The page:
House Intel panel votes to release Russia interview transcripts to Mueller

The House Intelligence Committee on Wednesday voted give special counsel Robert MuellerRobert (Bob) Swan MuellerSpeier says impeachment inquiry shows 'very strong case of bribery' by Trump Gowdy: I '100 percent' still believe public congressional hearings are 'a circus' Comey: Mueller 'didn't succeed in his mission because there was inadequate transparency' MORE transcripts from dozens of witness interviews from the panel’s Russia probe.

The move will provide Mueller with roughly 50 transcripts of committee interviews as he continues to investigate Russian interference and potential coordination between President TrumpDonald John TrumpTrump opens new line of impeachment attack for Democrats Bloomberg to spend 0M on anti-Trump ads in battleground states New witness claims first-hand account of Trump's push for Ukraine probes MORE’s campaign and Moscow.

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“That includes transcripts that the special counsel and Justice Department have not had access to and a great many that they have, but have not been allowed to use for particular purposes including in prosecutions for false statements, obstruction, or perjury or any other like offense,” Committee Chairman Adam SchiffAdam Bennett SchiffTrump opens new line of impeachment attack for Democrats Yovanovitch impeachment testimony gives burst of momentum to Democrats Five takeaways from ex-ambassador's dramatic testimony MORE (D-Calif.) told reporters on Wednesday.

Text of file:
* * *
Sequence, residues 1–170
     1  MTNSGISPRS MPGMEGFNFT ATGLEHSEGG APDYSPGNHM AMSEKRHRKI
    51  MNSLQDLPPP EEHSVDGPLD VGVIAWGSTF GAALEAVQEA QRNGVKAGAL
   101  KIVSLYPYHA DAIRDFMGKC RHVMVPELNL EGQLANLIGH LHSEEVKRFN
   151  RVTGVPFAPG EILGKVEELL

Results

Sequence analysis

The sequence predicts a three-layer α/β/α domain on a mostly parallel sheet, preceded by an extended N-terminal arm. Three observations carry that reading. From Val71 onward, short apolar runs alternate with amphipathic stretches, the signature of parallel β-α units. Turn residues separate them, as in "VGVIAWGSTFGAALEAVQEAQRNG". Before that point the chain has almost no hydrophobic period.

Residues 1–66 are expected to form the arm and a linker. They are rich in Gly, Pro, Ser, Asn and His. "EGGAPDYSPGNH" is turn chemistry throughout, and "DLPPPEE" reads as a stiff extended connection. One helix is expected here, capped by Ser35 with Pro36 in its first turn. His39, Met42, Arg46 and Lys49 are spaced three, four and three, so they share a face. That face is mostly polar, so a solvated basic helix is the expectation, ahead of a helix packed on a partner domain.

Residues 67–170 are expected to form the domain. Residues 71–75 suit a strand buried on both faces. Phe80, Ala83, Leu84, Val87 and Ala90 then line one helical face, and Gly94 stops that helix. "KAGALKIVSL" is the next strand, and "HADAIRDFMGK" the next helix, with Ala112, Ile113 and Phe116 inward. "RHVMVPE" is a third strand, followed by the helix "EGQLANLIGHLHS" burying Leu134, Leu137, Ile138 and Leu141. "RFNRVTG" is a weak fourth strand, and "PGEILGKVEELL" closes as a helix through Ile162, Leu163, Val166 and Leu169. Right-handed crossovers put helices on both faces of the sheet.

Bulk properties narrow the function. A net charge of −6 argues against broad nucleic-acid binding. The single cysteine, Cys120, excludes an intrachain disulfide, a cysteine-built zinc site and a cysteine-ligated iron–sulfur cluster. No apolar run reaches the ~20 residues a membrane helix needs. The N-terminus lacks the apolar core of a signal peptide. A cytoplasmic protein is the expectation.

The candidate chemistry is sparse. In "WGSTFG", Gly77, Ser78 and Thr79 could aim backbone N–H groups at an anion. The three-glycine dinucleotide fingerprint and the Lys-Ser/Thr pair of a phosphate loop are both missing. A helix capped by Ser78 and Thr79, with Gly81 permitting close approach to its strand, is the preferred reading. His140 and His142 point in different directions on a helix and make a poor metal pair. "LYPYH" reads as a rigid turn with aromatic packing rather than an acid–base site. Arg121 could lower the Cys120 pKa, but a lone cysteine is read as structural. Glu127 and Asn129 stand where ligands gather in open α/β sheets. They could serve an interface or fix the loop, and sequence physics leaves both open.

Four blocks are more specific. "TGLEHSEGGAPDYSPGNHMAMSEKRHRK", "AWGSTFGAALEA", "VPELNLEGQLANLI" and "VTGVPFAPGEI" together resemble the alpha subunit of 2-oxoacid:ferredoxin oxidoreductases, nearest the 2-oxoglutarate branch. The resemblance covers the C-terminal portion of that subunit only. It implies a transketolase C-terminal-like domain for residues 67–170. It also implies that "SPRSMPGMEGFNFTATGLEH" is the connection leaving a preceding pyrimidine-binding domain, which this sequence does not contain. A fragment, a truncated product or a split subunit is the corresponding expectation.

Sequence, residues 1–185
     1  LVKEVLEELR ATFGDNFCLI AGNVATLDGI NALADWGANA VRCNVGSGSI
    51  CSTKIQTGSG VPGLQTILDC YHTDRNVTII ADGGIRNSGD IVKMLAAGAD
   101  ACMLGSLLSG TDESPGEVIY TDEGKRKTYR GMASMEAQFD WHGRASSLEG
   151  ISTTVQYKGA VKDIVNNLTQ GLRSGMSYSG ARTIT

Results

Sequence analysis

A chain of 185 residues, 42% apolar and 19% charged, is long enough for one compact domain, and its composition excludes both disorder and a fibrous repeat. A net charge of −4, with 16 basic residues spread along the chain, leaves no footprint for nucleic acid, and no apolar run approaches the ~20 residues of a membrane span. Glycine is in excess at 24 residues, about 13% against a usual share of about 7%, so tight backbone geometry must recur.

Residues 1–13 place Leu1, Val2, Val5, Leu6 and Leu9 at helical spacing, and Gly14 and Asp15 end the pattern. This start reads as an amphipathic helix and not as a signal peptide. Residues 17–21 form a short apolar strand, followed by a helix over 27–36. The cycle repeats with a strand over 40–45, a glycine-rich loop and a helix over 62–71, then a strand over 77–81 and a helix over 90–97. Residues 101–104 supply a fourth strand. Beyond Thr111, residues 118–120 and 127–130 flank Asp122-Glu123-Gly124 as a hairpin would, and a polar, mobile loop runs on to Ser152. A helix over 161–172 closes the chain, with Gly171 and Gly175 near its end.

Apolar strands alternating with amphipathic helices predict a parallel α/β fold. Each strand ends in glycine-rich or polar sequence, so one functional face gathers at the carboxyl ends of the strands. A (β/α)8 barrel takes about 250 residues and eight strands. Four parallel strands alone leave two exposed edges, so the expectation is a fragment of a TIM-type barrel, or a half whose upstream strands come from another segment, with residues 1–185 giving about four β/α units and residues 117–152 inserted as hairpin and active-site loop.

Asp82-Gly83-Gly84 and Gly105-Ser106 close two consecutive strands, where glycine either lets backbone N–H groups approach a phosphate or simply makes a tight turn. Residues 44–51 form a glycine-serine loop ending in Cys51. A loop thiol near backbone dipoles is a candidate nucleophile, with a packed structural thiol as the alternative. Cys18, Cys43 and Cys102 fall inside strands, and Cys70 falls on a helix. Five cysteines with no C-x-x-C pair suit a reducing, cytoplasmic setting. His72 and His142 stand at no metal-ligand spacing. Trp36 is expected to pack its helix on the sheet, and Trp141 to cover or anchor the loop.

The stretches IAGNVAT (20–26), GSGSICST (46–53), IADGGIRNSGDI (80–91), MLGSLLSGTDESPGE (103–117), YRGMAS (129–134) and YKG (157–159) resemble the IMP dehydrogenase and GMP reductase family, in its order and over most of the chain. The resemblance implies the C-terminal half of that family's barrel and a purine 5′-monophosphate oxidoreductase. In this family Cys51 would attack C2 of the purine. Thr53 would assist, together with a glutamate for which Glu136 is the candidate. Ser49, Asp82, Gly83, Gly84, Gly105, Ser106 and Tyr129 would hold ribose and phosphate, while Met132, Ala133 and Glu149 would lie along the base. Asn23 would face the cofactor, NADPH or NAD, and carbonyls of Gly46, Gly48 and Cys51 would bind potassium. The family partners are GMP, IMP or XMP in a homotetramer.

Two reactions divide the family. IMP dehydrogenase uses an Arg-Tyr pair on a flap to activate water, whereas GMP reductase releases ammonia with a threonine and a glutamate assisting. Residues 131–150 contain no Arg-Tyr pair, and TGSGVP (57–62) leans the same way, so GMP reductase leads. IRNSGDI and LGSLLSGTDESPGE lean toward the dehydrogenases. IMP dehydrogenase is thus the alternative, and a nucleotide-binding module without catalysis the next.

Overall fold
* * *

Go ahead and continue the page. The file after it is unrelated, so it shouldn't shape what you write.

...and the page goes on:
The special counsel's office, the Department of Justice and its elements will now have access to those transcripts for any purpose, which will facilitate justice,” he added.

Rep. Mike Conaway (R-Texas) told reporters that lawmakers approved of the release in a bipartisan voice vote in a closed-door meeting.

Mueller will now have access to nonpublic transcripts of closed-door interviews with Donald Trump Jr., the president’s eldest son; former White House communications director Hope Hicks; senior White House adviser and the president’s son-in-law, Jared Kushner; the president’s former attorney, Michael Cohen; former Trump campaign manager Corey Lewandowski; and others.

The documents will allow Mueller’s team to compare what witnesses said about key events like the June 2016 Trump Tower meeting between Trump Jr., Kushner, former Trump campaign chairman Paul Manafort and Russian lawyer Natalia Veselnitskaya.

The transcripts also catalogue interviews with several Obama administration officials, including former Director of National Intelligence James Clapper and former Deputy Attorney General Sally Yates, as well as current and former Trump administration officials like Director of National Intelligence Dan Coats and former Attorney General Jeff Sessions.

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Schiff took over as the committee’s chairman in January after Democrats secured a sweeping victory in the November midterm elections, winning back control of the lower chamber. 

The panel’s Russia probe from the previous Congress devolved into partisan infighting, and Republicans moved to abruptly end it last year. Schiff is now reviving the investigation.

He signaled Wednesday that the inquiry would expand beyond Russian interference to include any “credible allegations” of Trump and his family having financial interests that may be influencing his decisionmaking, as well as allegations of leverage by any foreign entities.

The new iteration of the probe, he said, will be done in concert with other House committees that share a similar interest and concern in their investigative matters.